Everyone in the ancient world knew that to make a piece of material scarlet, you had to soak it in the dye for an extended period of time. There may be a sin that you have been soaking in for a long time, and just like the dye in the cloth, that sin has permeated the fabric of your life. It’s in your heart. It’s in your head. Do you see that God says to you, “Though your sins be as scarlet, they shall be white as snow”? This is something only God can do.
3. “I have sinned, after committing myself to Christ.”
“I’m a Christian. I’ve sinned willfully, knowingly. I’ve sinned against my own Savior and I’ve sinned against the light. God says to you, “Though your sins be as scarlet, they shall be white as snow.” The only answer to sins against the blood of Christ is the blood of Christ.
How is this possible?
What can wash away my sin? It’s not worship, it’s not service, and it’s not prayer. What can wash away my sin? Nothing but the blood of Jesus.
Here we have some amazing words of our Lord Jesus Christ spoken by the Holy Spirit: “You have neither desired nor taken pleasure in sacrifices and offerings and burnt offerings and sin offerings’” (Heb. 10:8).
So here we have God the Son, and he’s in the presence of the Father. He is above, where he was with the Father from the beginning, looking down on the world. The Son sees all these sacrifices, and he says to the Father, “That’s not what you want. There’s no joy in that for you. This is not what you’re asking for.”
Then he adds, “Behold, I have come to do your will” (Heb. 10:9). The first sentence was spoken above; this second word is spoken from below: “I have come.” Here is Christ on earth. He came from heaven. He has taken human flesh. He has been born of the virgin, Mary. He stands with the people.
Christ looks up and says to the Father, “I have come to do your will. I have come to live the life that fulfills all that you ever asked of a human being. Watch now and get pleasure from seeing all that you ever willed being done in me.”
“And by that will we have been sanctified through the offering of the body of Jesus Christ once for all” (Heb. 10:10). The word ‘sanctified’ means ‘made clean.’ “Wash yourselves; make yourselves clean” (Isaiah 1:16). What God commanded through Isaiah the prophet, he provided through his Son, Jesus Christ.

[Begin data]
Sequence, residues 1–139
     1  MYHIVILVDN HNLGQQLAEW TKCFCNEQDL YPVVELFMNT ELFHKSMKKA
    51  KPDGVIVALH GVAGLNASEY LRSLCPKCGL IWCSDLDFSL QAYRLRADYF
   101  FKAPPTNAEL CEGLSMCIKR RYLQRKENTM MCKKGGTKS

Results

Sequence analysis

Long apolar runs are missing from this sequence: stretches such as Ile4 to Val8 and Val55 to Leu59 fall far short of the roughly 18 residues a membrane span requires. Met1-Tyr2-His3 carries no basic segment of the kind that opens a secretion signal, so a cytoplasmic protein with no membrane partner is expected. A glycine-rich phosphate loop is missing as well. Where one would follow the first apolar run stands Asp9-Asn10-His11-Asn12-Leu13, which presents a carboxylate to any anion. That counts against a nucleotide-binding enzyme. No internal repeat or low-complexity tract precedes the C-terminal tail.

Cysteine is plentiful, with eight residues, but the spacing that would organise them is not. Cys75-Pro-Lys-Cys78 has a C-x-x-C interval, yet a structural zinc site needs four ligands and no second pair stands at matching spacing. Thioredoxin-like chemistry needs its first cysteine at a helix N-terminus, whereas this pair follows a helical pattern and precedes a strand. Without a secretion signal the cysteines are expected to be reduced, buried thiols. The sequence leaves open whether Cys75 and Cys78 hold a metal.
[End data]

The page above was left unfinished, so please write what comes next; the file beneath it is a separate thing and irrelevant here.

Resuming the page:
In Isaiah we read about sacrifices that could never satisfy God, because they were offered by unclean hands. But the Son of God has clean hands and a pure heart, and he has lived the life that we have not lived.
Jesus Christ ascended the hill of the Lord and he offered himself as a perfect sacrifice acceptable to God, for the complete cleansing of all sin, and when he made the offering he said, “It is finished.” Which is why there aren’t any more sacrifices to be offered.
On the third day, the smile of God on the sacrifice was revealed, as Jesus Christ rose from the dead. Today, our risen Savior looks out on a world filled with people who are bruised, bleeding, and laden with iniquity, and he says, “Come to me all you who are weary and heaven laden and I will give you rest.”
How will you respond to all that God offers you in Jesus Christ? “Though your sins are like scarlet, they shall be white as snow” (Isaiah 1:18). “If you are willing to receive what I offer, and if you are ready to pursue what I command, there is a Savior who can cleanse you. If you will receive me as your gracious Savior, as your sovereign Lord, then you, the beaten, the bruised, those laden with iniquity, shall eat the good of the land.”
© Colin S. Smith